All of us look forward to seeing Bill Gibson’s detailed layout installed in the depot, which prominently features the Georgia Marble company quarry. “I’m in discussion with Steve Worack from Chicago, who designed and built the layout, to move it from my house and install it in the depot,” said Gibson. “Obviously, John and his team have a lot of work to do before that can happen.”
“The building does need a lot of work to get it ready before the layout can be installed,” said Anderson. “It is uninsulated and without heat and restrooms. Tackling these issues will be high on our priority list.”
Others present at the meeting included committee members and individuals from other organizations who will be working with Anderson and Denny to return the depot to its former status as a vibrant center of the Tate Community. Everyone is shown in the group photo below.
From left to right in the photo are: Green Suttles III, President/CEO Development Authority of Pickens County; Carme Stone, Stewardship Committee Member, long-time Tate resident; John Anderson, Executive Director, Stewardship Committee; Elaine DeNiro, Archivist for the City of Roswell; Stefanie Green, Business & Operations Manager, Dept. of Museums, Archives and Rare Books, Kennesaw State University; Jessica Wells, CEO, Boys & Girls Club of North Georgia; James Newberry, Special Projects Curator, Dept. of Museums, Archives and Rare Books, Kennesaw State University; Michelle Kuriger, Marble Festival and Tourism Director, Pickens County Chamber of Commerce; Cassie Rasco, Development Director, Boys & Girls Club of North Georgia; Becky Denny, Stewardship Committee Member and County Commissioner for Pickens County; and Bill Gibson, Big Canoe resident.
“To support establishing the depot as a sustainable event venue, we have identified four attractions or programs to enhance the economic appeal,” said Anderson. “These include two model train exhibits, a Kennesaw State University(KSU) ‘History of Tate and the marble industry exhibit, a K-12 engagement for the KSU exhibits and finally training programs, one for STEM (Science, Technology, Engineering and Math) using the model trains and another for trades using marble-related crafts. These last two training programs are proposed in partnership with the Boys & Girls Club of North Georgia,” said Anderson.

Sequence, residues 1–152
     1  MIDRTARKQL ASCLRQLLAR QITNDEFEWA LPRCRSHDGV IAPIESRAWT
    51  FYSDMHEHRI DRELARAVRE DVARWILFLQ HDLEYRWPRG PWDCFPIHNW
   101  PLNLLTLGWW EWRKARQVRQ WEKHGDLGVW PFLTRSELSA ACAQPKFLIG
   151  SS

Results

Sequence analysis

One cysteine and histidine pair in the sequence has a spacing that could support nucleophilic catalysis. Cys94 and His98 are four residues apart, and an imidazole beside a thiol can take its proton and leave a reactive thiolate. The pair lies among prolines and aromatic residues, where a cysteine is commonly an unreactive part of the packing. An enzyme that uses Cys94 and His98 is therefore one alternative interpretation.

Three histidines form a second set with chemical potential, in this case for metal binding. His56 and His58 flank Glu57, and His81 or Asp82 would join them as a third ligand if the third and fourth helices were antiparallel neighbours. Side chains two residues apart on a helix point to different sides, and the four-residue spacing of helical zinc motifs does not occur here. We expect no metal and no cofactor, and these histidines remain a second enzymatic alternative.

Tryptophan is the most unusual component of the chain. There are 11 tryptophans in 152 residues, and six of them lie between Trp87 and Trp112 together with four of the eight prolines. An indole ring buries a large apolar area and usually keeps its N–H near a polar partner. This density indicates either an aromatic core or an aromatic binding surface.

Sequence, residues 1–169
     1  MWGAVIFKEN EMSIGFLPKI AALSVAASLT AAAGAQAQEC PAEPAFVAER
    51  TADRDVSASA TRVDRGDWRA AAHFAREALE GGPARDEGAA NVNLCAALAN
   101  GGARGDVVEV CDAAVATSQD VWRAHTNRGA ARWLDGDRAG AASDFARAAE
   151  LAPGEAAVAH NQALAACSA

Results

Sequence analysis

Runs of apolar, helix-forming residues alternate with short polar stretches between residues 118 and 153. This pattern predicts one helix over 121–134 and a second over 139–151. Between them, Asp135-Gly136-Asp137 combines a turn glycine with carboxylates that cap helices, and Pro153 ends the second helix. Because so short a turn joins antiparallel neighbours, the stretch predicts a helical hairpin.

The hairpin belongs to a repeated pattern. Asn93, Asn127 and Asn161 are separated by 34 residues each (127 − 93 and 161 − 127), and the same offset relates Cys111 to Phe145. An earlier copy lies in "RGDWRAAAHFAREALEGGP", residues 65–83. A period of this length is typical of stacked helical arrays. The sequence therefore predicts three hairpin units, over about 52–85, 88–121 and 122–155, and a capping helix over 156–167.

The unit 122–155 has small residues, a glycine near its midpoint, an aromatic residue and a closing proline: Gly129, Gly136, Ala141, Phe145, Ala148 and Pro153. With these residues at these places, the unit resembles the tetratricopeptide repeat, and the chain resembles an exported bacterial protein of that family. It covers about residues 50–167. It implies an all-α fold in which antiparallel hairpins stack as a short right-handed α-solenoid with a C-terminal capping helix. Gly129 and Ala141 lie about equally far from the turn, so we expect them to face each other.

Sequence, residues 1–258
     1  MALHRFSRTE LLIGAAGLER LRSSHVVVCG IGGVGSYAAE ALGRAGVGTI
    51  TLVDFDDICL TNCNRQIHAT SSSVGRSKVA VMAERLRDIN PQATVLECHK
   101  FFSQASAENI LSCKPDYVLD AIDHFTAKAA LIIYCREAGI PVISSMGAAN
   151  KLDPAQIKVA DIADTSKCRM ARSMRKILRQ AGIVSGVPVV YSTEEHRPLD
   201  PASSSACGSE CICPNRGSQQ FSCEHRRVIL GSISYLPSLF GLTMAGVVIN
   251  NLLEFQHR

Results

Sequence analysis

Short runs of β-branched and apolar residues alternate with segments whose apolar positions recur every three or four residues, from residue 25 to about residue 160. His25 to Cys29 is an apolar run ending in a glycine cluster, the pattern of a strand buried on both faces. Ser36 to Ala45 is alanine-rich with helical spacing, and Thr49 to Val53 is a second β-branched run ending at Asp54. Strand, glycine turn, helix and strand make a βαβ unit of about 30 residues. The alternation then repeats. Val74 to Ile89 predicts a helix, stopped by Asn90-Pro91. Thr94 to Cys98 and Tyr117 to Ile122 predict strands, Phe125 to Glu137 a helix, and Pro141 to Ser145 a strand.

“We hope to have exhibits and other ‘welcome’ type activities ready for Jeep Fest and then Marble Fest in the fall of 2021, using the depot as it currently is,” he added. “By early 2022 we hope to have raised funds to install restrooms and kitchen infrastructure and heating and air conditioning in the depot.” Anderson added that “all improvements will be made in a manner respectful of the historic character of the depot and the surrounding historic district.”
“In the longer term, as the Depot becomes self-sustaining, we hope to move forward with restoring other historic resources to enhance the entire National Historic Register Georgia Marble Company and Tate Historic District,” he said.
All of us wish Anderson and the Tate Historic Committee the absolute best towards a successful outcome and hope to visit Bill Gibson’s train layout at the Tate Depot in the near future. Anderson has asked that anyone desiring more information contact him through his e-mail address at email@example.com.